In a world dominated by an economic system (capitalism) that relegates human beings to commodities - especially women - grasping a day that honors women is critically important. This is certainly true as it relates to mothers who in every culture, are the source of light and glue that holds any semblance of family together in this anti-family society we live in. We of course should honor women this way everyday, not just on the day that capitalism designates us to do it (so we can spend money of course). And, most of us who make every attempt to be conscious of our existence, do try to engage in this honor daily, but since today is the day most people are going to recognize in this light, we wish to bring a spot light to the power and struggles of the day.
I of course remember my own mother. Born and raised in Monroe, Louisiana, U.S., her life was a very difficult one and like all of us, those experiences shaped her. Since she would never explain the sources of her anger and difficulties, I had to take time to do my own investigative work and what I found is the realities of her experiences were more horrific than she could have ever communicated. The most sad thing about this is her experiences were by no question unique. They were the typical experiences of African women, everywhere. And, despite her best efforts, those dysfunctions transferred to me as is the systemic case for the vast majority of our people and humanity.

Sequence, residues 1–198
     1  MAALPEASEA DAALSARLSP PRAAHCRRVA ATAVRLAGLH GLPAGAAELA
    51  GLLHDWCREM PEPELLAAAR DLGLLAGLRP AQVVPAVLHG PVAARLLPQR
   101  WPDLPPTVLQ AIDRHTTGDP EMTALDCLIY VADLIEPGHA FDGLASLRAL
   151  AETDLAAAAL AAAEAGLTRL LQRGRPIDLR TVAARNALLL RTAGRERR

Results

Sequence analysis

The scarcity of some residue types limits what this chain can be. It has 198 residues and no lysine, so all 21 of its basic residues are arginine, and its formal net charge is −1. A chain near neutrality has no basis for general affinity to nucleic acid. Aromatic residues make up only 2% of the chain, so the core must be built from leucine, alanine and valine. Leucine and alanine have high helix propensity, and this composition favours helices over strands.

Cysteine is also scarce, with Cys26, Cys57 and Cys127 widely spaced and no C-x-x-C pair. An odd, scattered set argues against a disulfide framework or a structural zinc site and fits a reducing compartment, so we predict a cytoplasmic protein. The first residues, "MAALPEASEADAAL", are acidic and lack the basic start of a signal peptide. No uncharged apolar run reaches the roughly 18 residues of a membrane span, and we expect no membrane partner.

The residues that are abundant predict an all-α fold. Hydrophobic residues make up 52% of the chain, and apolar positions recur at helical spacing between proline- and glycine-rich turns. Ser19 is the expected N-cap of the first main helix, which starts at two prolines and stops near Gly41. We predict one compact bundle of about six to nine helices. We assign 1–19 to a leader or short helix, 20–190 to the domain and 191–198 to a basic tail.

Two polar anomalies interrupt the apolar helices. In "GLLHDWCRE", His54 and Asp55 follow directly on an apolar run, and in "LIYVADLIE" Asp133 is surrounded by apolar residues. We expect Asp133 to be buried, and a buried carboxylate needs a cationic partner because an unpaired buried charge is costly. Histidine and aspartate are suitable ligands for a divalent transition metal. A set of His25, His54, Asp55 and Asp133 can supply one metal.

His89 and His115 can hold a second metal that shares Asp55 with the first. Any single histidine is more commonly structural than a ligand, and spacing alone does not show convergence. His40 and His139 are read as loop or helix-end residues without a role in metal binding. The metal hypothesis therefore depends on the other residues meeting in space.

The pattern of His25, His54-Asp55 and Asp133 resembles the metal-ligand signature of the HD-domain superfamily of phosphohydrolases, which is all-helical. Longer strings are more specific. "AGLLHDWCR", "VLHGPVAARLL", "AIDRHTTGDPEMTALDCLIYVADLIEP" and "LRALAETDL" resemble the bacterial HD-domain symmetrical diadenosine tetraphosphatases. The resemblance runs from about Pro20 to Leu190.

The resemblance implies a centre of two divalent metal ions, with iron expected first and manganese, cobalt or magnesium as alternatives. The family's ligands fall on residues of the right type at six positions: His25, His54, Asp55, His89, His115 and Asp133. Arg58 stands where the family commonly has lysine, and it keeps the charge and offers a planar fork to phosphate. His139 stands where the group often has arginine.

Today, I sit here on this day with my mother - Clothilde Dewhart - no longer present in her physical form. She, along with my father - Richard Dewhart - and my sister and brother, are all deceased. All of them left the Earth well before they should have and I'm convinced this is the direct result of the complex elements of our oppression as a people. The stress, early poverty, institutional racism, all of it. I saw my parents frustration at the system on a daily basis and I internalized it long before I began to experience my own frustrations on a systemic level.